And how I get by with a little help from my friends. This gem of a book was included in our book club article in Market Technician magazine, issue 84, because it’s a favourite of STA Committee member Mark Tennyson D’Eyncourt FSTA. He’s gone one better, and lent me his personal copy – on pain of death if I don’t return it. It was suggested reading for staff at the Qatar Investment Office he worked at.
Ironically, I also have on loan the 1973 version of the book, lent to me by my editor here at the Investors Chronicle magazine, also presented by colleagues at J & A Scrimgeour ‘in recognition of his [a colleague] investment ability’. They are part of a series of books first published in 1955, and issued at random intervals for many years, with serial revisions, impressions and editions along the way. Mark’s copy is the more interesting of the two, because it was printed after the London stock market crash and UK secondary banking crisis of 1972-1975.
It’s also better because the Foreword was written by the then Investors Chronicle editor Andreas Whittam Smith (1970-1977), now with a knighthood and an OBE under his belt after founding and being the first editor of The Independent newspaper (1986-1993).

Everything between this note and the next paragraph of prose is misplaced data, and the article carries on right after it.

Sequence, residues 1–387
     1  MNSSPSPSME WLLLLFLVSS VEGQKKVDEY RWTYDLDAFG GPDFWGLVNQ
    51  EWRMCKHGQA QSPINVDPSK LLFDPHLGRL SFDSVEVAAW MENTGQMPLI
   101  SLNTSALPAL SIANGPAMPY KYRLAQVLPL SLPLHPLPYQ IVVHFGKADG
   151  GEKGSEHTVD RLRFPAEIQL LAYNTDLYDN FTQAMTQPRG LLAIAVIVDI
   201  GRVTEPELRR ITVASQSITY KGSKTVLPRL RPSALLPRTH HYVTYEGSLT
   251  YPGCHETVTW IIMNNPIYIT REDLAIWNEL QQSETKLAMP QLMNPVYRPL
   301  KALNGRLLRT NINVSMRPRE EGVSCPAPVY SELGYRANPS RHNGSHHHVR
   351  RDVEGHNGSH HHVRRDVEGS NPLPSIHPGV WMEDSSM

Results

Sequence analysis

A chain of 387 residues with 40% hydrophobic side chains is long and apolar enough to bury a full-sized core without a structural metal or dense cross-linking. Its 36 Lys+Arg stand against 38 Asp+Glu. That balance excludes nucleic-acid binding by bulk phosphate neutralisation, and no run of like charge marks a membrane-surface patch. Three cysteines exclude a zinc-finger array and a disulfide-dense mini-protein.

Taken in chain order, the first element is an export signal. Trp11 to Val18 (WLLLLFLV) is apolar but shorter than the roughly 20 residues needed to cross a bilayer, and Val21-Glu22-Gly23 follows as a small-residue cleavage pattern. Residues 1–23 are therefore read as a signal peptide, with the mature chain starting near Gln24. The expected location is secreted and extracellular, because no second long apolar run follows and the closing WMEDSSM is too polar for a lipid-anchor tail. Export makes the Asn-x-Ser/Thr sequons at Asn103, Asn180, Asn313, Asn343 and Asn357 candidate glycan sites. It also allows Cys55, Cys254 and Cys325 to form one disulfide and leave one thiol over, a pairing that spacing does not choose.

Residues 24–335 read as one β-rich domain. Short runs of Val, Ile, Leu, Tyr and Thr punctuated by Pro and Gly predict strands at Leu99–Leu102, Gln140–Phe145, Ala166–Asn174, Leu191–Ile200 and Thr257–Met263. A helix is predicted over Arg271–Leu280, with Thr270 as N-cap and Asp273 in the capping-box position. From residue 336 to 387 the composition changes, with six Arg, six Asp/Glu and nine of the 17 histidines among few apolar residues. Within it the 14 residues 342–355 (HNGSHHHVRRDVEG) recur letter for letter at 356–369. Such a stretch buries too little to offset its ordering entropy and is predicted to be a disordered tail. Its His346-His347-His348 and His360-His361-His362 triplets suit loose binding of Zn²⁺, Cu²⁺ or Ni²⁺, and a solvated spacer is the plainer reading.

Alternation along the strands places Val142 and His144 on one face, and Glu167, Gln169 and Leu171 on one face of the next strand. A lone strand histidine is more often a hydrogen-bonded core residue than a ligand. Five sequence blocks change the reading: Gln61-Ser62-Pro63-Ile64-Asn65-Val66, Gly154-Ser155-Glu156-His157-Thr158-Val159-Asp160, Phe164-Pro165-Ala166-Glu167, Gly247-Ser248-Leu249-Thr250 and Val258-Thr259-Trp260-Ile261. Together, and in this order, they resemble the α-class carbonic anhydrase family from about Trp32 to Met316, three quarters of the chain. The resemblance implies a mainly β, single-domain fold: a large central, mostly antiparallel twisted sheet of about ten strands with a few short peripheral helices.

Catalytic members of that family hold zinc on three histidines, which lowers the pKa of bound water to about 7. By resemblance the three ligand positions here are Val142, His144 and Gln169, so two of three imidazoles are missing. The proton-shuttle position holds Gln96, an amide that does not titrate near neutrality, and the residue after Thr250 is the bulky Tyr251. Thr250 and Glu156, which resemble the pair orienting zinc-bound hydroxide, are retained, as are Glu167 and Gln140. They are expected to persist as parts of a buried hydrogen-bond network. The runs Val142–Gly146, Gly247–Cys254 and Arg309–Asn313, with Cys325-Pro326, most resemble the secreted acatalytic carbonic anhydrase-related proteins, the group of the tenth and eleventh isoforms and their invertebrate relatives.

Unsurprisingly for the period, his focus is on inflation, ‘we have had to learn that mature Western economies can be brought to the brink of the abyss of hyperinflation…which previously had been found only in South American republics. Investors have to face the fact that the concept of a free market economy is less widely accepted than it was when this book was first published’.
‘Whether the future will look more kindly on investors and savers will depend on the kind of society in which we are going to live. The answer, I believe, is emphatically ‘’yes’’, but what has yet to be defined is what the investor’s role will be’. His comments are just as relevant today.
Chapter 4 of the book looks at the fundamental factors affecting stock market prices, Chapter 5 follows discussing Technical Analysis. The 32 pages cover the classics – using charts by Investment Research of Cambridge: cycles, indices, indicators, trend lines, moving averages and volume. Line and bar charts, point and figure, the star of the show is the collapse of the FT Actuaries All Share Index from a level at 230 down to 60 – on a logarithmic scale. Ouch!
I am told that second-hand copies are quite easy to come by on internet shopping portals, and might be a good addition to the STA’s excellent library.